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Consider the function $g$, where $$g(x)=\frac{3x}{5+x^2}$$

(a) Given that the domain of $g$ is $x\ge a$, find the least value of $a$ such that $g$ has an inverse function.

I know that $g(x)$ must be a one-to-one function, thus pass the horizontal line test, for an inverse to exist. This is a non-calculator question; I tried to sketch the graph by inputting random values to get the general trend, to determine particularly the local maximum, after which the function would decline and could be a one-to-one function, hence giving us the value of $a$. However, this method proved to be very time consuming - I was wondering if there was a faster technique to do so, if possible, without calculus.

Any help will be greatly appreciated, thanks in advance.

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  • $\begingroup$ Hint: $g'(x) =-3\frac{x^2-5}{(5+x^2)^2}$ $\endgroup$ – gammatester Dec 9 '15 at 11:24
  • $\begingroup$ Is that the derivative of $g(x)$? Do you know a method which does not involve any calculus? $\endgroup$ – StopReadingThisUsername Dec 9 '15 at 11:27
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    $\begingroup$ @Arjun: Can you do calculus without doing calculus!? :) $\endgroup$ – H. R. Dec 9 '15 at 11:31
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Hint: $$g(x)=g(y) \iff x=y \quad \text{ or } \quad x=\frac5y$$ Indeed you can verify that $g(x)=g\left(\frac{5}{x}\right)$. So, you must not allow that $x$ and $5/x$ are in the domain of $g$.

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  • $\begingroup$ I'm sorry, I didn't quite get that. Where did you get the $x = \frac{5}{y}$ in the first line and consequently the $g(x) = g( \frac{5}{x})$ in the second line? $\endgroup$ – StopReadingThisUsername Dec 9 '15 at 11:44
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    $\begingroup$ I solved the equation $g(x)=g(y)$. A function is injective if $g(x)=g(y) \implies x=y$. So, I solved $g(x)=g(y)$. The second line is just substitution. In the first line I found that if $x=\frac5y$ then $g(x)=g(y)$. So for $y=\frac5x$ I have that $g(x)=g(5/x)$. $\endgroup$ – Jimmy R. Dec 9 '15 at 11:48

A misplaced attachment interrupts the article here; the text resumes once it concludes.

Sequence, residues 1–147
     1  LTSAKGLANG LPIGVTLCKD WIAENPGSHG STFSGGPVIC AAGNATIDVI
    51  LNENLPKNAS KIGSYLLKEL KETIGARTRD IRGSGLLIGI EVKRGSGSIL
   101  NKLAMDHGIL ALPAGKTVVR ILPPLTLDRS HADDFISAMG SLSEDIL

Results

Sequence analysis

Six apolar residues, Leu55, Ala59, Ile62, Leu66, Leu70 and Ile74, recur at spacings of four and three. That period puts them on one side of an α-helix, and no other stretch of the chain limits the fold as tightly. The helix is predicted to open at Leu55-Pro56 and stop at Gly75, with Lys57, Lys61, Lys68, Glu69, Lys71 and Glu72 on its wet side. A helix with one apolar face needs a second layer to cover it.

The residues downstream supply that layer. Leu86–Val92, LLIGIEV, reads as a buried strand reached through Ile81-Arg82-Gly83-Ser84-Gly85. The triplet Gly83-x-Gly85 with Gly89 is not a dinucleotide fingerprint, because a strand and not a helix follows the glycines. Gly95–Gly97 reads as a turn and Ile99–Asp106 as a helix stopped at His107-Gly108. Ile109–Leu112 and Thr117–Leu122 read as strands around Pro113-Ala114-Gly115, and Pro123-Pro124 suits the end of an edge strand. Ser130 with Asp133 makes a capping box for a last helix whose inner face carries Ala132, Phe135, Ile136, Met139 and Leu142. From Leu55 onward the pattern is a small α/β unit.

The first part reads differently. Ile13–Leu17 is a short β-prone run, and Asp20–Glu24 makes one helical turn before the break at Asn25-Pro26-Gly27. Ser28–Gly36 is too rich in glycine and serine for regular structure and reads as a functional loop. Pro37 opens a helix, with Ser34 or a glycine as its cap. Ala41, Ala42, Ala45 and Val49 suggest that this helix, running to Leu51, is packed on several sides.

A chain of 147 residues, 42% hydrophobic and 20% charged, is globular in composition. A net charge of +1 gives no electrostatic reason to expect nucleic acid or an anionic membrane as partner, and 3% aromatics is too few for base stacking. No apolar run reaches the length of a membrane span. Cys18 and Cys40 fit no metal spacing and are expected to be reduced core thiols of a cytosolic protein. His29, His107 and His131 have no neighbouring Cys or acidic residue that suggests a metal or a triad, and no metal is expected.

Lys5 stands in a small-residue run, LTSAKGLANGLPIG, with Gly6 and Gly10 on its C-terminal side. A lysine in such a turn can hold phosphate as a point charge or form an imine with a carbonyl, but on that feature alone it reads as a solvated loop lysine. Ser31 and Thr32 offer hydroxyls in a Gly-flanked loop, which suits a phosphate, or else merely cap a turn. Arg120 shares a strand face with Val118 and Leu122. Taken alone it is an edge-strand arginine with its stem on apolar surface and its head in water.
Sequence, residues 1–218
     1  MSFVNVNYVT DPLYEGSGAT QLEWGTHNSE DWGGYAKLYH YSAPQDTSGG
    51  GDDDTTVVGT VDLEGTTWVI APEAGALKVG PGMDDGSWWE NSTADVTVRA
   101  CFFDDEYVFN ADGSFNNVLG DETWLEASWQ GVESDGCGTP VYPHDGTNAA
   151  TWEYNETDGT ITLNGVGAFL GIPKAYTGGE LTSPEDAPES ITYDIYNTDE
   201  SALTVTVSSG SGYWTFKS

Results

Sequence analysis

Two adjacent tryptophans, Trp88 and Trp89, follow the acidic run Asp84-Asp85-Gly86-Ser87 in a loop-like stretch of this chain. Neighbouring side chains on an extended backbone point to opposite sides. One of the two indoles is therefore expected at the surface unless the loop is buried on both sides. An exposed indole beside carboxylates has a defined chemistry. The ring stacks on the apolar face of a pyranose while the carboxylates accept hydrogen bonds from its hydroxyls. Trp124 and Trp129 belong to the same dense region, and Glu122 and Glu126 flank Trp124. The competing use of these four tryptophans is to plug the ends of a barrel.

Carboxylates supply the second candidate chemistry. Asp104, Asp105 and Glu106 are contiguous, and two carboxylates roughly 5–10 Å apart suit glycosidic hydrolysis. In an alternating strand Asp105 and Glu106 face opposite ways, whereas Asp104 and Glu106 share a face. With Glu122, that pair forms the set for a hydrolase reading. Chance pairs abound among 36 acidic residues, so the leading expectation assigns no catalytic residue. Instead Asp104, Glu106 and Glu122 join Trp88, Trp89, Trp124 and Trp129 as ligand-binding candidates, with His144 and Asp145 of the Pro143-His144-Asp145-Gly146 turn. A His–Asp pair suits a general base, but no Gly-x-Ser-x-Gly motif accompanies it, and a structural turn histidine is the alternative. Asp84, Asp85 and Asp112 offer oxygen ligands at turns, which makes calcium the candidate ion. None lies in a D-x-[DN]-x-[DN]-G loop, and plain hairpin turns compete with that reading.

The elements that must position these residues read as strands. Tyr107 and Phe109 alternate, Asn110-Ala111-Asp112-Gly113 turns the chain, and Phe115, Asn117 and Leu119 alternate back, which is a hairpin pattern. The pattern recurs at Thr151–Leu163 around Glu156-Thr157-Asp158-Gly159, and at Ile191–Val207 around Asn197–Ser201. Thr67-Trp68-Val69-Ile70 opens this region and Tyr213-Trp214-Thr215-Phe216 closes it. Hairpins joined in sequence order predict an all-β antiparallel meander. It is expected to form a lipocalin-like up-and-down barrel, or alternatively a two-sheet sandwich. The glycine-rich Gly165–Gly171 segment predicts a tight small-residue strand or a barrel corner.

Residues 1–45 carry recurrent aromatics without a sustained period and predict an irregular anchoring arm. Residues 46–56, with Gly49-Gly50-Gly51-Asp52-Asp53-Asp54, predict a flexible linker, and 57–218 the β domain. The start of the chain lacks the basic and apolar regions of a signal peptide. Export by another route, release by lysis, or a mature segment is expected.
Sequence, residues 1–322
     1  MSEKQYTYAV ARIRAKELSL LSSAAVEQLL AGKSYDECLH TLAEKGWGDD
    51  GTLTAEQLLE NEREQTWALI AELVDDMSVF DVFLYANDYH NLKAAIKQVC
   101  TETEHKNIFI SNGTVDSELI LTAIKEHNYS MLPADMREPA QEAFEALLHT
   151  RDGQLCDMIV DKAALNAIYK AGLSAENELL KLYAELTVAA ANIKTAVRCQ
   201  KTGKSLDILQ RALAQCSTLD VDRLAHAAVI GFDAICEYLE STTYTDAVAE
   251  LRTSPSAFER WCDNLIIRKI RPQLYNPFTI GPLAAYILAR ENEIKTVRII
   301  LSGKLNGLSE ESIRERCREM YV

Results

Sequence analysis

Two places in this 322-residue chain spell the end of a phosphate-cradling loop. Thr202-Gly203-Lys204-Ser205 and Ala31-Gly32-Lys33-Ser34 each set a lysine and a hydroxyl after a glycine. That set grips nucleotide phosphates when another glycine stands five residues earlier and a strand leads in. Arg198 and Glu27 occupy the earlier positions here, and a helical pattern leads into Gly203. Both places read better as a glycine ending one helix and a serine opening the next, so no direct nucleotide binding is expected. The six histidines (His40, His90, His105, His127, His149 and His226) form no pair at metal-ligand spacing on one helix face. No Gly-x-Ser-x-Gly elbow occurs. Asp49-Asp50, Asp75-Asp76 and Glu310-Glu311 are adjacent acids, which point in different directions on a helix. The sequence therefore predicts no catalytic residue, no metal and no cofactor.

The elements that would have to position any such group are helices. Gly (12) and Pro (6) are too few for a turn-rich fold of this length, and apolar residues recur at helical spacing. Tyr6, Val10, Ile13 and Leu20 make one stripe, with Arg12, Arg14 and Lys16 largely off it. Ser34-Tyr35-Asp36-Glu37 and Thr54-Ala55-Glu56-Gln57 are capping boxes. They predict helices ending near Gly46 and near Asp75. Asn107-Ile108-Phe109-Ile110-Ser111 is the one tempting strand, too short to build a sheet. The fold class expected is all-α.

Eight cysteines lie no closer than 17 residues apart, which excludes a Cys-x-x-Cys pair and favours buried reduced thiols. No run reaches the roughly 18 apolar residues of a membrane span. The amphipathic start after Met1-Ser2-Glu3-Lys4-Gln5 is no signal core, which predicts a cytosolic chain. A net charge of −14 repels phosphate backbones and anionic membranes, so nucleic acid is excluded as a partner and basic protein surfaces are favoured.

• $\begingroup$ I apologise if I'm missing something very obvious, but I don't understand how you deduced that $x = \frac{5}{y}$ as a solution to $g(x) = g(y)$... $\endgroup$ – StopReadingThisUsername Dec 9 '15 at 11:54
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    $\begingroup$ $g(x)=g(y) \iff \frac{3x}{5+x^2}=\frac{3y}{5+y^2}\iff yx^2-(5+y^2)x+5y=0 \iff \ldots$. Quadratic equation in $x$... $\endgroup$ – Jimmy R. Dec 9 '15 at 11:55
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You can sketch the graph by analysing the extrema of $g(x)$, dispense with the need to get the graph point by point.

Notice that

\begin{align} \frac{1}{g(x)} &= \frac{5+x^2}{3x} = \frac{1}{3} \left( \frac{5}{x} + x \right) \\ &\ge \frac{2\sqrt{5}}{3} \end{align}

Equality holds if and only if $x = \pm\sqrt{5}$.

It is easy to sketch the graph of $\frac{1}{g(x)}$, and to see that the graph of $\frac{1}{g(x)}$ is a hyperbola, between $x = 0$ and $y = \frac{1}{3}x$, with vertices at $x = \pm \sqrt{5}$.

Then it's easy to sketch the graph of $g(x)$, which is just the reciprocal of the above.

Then you can see that $g(x)$ get to the maximum at $x = \sqrt{5}$, and when $x \ge \sqrt{5}$, the curve declines continuously. So you can get $a = \sqrt{5}$.

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